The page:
The Secretary considers the services to be provided by the proposed project. In determining the quality of the services to be provided by the proposed project, the Secretary considers the quality and sufficiency of strategies for ensuring equal access and treatment for eligible project participants who are members of groups that have traditionally been underrepresented based on race, color, national origin, gender, age, or disability. In addition, the Secretary considers the following factors:

(i) The extent to which the proposed project represents an exceptional approach to the priority or priorities established for the competition.

(ii) The extent to which specific gaps or weaknesses in services, infrastructure, or opportunities have been identified and will be addressed by the proposed project, including the nature and magnitude of those gaps or weaknesses.

(iii) The extent to which the services to be provided by the proposed project are appropriate to the needs of the intended recipients or beneficiaries of those services.

(iv) The adequacy of mechanisms for ensuring high-quality products and services from the proposed project.

(d) Quality of Management Plan (20 points).

The Secretary considers the quality of the management plan for the proposed project. In determining the quality of the management plan for the proposed project, the Secretary considers the following factors:

(i) The adequacy of the management plan to achieve the objectives of the proposed project on time and within budget, including clearly defined responsibilities, timelines, and milestones for accomplishing project tasks.

(ii) The extent to which the proposed project will integrate with or build on similar or related efforts to improve relevant outcomes (as defined in 34 CFR 77.1(c)), using existing funding streams from other programs or policies supported by community, State, and Federal resources.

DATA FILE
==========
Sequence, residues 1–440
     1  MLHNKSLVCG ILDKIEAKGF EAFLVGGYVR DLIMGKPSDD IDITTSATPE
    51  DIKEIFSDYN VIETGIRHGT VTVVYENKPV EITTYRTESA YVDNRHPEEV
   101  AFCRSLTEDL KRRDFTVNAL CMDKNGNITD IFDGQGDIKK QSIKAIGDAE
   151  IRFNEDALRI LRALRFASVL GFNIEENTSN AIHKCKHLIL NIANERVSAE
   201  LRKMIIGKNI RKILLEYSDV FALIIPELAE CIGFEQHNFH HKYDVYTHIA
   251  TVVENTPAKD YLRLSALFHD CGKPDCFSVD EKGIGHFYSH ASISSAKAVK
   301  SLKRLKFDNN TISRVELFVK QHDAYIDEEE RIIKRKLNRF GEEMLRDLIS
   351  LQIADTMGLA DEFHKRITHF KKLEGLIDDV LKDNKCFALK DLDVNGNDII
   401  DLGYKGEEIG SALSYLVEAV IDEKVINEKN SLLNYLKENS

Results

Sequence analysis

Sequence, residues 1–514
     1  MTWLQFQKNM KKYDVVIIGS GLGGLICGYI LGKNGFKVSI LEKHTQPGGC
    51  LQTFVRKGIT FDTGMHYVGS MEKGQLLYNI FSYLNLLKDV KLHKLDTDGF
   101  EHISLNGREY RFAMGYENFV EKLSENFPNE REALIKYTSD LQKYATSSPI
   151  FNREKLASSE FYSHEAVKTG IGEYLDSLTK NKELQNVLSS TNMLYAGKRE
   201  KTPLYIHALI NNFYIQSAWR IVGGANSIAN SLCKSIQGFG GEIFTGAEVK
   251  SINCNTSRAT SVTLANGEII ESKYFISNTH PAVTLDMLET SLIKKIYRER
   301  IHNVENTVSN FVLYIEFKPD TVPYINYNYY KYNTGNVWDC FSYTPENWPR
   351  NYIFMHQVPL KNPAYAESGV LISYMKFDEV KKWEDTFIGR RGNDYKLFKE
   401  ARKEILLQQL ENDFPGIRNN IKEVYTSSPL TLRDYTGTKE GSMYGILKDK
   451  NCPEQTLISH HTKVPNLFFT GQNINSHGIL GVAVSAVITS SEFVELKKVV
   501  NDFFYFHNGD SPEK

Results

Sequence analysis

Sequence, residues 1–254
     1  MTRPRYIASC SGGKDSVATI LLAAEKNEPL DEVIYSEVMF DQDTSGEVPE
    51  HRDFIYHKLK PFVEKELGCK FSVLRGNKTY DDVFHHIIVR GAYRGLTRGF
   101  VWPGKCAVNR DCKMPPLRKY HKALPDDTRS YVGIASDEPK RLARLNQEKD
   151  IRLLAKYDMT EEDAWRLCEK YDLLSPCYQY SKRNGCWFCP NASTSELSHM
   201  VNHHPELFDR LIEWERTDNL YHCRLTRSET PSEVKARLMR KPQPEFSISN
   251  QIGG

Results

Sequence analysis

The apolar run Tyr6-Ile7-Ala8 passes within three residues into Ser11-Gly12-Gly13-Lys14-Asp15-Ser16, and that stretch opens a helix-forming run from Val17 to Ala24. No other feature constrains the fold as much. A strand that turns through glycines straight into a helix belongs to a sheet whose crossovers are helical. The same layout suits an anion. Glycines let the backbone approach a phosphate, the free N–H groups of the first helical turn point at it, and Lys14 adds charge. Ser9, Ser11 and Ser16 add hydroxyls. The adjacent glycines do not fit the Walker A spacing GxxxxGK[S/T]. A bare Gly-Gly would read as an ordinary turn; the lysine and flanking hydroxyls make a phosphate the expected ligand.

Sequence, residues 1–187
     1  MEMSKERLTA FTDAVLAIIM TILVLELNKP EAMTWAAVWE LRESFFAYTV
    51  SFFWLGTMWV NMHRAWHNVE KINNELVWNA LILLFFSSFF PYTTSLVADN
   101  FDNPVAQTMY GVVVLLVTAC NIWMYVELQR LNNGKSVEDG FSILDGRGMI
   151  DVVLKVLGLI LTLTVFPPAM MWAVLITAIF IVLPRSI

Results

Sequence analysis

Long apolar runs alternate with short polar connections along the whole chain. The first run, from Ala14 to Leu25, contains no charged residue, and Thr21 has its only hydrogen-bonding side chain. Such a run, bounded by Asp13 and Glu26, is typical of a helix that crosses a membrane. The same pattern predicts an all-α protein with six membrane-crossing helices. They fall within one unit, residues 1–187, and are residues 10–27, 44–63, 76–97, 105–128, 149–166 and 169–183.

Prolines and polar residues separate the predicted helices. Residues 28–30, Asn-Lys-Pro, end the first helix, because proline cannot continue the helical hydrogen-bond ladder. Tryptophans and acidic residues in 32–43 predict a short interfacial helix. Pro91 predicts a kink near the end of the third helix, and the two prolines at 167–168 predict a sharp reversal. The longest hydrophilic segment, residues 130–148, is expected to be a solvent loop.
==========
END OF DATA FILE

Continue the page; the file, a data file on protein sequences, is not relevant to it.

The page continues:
(iii) How the applicant will ensure that a diversity of perspectives are brought to bear in the operation of the proposed project, including those of parents, teachers, the business community, a variety of disciplinary and professional fields, recipients or beneficiaries of services, or others, as appropriate.

(iv) The adequacy of procedures for ensuring feedback and continuous improvement in the operation of the proposed project.

2. Review and Selection Process: We remind potential applicants that in reviewing applications in any discretionary grant competition, the Secretary may consider, under 34 CFR 75.217(d)(3), the past performance of the applicant in carrying out a previous award, such as the applicant's use of funds, achievement of project objectives, and compliance with grant conditions. The Secretary may also consider whether the applicant failed to submit a timely performance report or submitted a report of unacceptable quality.

In addition, in making a competitive grant award, the Secretary also requires various assurances including those applicable to Federal civil rights laws that prohibit discrimination in programs Start Printed Page 23348or activities receiving Federal financial assistance from the Department (34 CFR 100.4, 104.5, 106.4, 108.8, and 110.23).